Soon after Andrews was outed last week, her employer @properties fired her.

“This former @properties agent, in her own words, and in images she posted to social media acknowledges “storming the capitol.” The agent’s public pronouncements are antithetical to @properties’ standards of conduct, and as a result, the company made the decision to sever ties,” said Peter Olesker, a spokesman for the company.

Gold Coast Executive offered Andrews a job offer last week, Crain’s reported, but the company did not answer multiple calls from WBEZ.

Yanasak-Leszczynski, who has volunteered to work as a medic for peaceful Black Lives Matter protests, said she feels it is important to hold the Capitol insurgents accountable. She said she doesn’t trust that law enforcement will arrest those responsible.

Even if people didn’t violently ransack the Capitol, activists say the event was not a political rally. It was a planned effort to stop the certification of Biden’s presidential election win. Some of the Trump mobs carried guns and incited violence.

So far only a few insurgents have been arrested.

Last week, federal prosecutors filed charges against Bradley Rukstales, a campaign contributor to President Donald Trump who lives in Inverness and was arrested at the Capitol on Wednesday. Rukstales was the chief executive of Cogensia, a Schaumburg-based marketing consulting firm but was fired soon after charges were filed. Rukstales told WBEZ he was “deeply regretful” for his role in the insurgence.

Other insurgents have been outed around the country. Both private and public companies have been firing some of those people including a lawyer from Texas, a Pennsylvania teacher was “temporarily relieved of his duties” and at least two Seattle police officers were placed on administrative leave until their role in the riot is investigated, CNN reported.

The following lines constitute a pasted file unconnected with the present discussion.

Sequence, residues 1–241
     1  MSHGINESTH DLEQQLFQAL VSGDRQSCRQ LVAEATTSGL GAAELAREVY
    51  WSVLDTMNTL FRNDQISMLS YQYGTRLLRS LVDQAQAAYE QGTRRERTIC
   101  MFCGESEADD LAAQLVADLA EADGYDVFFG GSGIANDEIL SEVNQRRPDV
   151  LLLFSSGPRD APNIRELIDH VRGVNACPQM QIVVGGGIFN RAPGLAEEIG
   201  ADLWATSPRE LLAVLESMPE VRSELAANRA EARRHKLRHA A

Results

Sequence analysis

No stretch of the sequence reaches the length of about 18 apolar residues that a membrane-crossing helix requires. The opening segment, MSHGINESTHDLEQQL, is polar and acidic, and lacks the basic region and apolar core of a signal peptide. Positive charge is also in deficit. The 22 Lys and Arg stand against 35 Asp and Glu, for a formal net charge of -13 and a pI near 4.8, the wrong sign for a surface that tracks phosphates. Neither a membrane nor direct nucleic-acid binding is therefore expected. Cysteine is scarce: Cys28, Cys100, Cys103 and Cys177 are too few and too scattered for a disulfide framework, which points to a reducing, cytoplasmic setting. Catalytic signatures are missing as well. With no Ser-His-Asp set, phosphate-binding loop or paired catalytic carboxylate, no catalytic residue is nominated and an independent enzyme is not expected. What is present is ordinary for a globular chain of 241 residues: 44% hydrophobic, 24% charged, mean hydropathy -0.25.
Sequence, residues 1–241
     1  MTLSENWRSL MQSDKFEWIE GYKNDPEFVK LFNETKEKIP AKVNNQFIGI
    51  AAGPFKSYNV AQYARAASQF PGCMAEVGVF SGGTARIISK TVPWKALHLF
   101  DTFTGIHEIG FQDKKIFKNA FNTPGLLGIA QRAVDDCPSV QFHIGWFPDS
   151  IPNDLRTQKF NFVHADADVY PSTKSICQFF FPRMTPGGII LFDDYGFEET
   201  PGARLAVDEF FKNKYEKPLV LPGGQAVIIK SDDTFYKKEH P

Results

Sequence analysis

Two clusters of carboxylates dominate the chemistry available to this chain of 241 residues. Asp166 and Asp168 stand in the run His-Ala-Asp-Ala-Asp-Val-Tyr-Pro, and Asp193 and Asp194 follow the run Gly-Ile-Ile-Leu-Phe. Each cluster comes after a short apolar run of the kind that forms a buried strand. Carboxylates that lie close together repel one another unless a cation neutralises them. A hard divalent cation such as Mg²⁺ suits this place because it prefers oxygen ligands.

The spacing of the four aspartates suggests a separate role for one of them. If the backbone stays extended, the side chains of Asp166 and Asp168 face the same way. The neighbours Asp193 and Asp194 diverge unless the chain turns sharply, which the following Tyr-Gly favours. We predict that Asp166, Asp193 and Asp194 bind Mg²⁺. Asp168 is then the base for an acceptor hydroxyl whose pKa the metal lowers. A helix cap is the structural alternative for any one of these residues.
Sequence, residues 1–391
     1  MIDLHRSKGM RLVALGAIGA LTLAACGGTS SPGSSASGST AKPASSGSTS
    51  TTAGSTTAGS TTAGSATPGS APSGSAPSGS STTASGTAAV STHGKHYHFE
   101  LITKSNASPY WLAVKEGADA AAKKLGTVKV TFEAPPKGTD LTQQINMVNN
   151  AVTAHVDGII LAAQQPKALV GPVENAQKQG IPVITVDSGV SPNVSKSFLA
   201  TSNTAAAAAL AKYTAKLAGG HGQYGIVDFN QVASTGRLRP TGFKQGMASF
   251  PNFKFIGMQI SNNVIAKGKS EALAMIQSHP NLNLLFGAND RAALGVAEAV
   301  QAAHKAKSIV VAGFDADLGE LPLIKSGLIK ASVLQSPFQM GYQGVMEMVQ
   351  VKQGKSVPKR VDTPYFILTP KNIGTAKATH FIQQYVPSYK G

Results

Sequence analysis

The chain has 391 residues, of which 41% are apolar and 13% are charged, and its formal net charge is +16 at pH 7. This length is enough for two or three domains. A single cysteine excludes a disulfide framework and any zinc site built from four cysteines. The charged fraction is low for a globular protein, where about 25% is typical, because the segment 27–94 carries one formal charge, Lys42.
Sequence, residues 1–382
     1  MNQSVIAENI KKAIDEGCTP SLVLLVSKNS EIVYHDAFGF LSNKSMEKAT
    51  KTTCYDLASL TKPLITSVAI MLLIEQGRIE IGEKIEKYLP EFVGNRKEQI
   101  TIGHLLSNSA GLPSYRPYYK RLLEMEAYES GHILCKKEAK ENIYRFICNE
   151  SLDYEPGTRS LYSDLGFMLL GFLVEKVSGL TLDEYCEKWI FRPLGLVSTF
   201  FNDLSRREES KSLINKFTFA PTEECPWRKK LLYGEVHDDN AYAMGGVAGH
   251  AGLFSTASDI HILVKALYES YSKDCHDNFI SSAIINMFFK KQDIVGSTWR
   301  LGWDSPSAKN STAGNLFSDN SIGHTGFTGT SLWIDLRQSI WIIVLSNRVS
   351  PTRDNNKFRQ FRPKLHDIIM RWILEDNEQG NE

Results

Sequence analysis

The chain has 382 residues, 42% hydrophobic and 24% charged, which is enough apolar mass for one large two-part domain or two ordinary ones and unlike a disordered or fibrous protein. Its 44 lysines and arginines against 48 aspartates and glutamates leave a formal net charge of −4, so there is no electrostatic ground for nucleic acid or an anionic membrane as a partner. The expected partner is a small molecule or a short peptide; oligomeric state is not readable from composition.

David Stovall, a professor of African American studies and criminology, law and justice at the University of Illinois at Chicago, said if those who attacked the Capitol last week were not white, “Constitution Avenue would have been turned into a graveyard.”

Stovall said the activists outing the Chicago insurgents on social media understand that the criminal system for white Americans is more lenient. The country, he added, has already seen those differences in the way police responded and the fact that only 14 people were arrested following the violent attack on Jan 6.

He urges Chicagoans not to fall into the narrative that what we saw last week is “not who we are.”

“This is exactly who the United States is,” Stovall said. “It is exactly who the United States has been. It was founded on slavery and genocide and wrongful land appropriation.”

Yanasak-Leszczynski said it is especially important to hold business owners and managers accountable because many employees rely on them for their livelihood. She said this is the first time she’s done something like this. She’s been supporting other activists because she says she wants to support Black activists.

She said she felt she needed to share this information using her own personal Twitter account. And since then she’s received death threats that are so severe she had to leave her apartment.

Yanasak-Leszczynski said she’s taking a break from social media but pledged to continue outing insurgents.

“I’m scared,” she said, adding that as a college-educated white woman she has resources to take care of herself.

“I’d rather have a target on my back than someone else, honestly. I’m in a better position. I’m privileged I had somewhere else to go so I’m grateful for that.”

María Inés Zamudio is a reporter for WBEZ’s Race, Class and Communities desk. Follow her @mizamudio.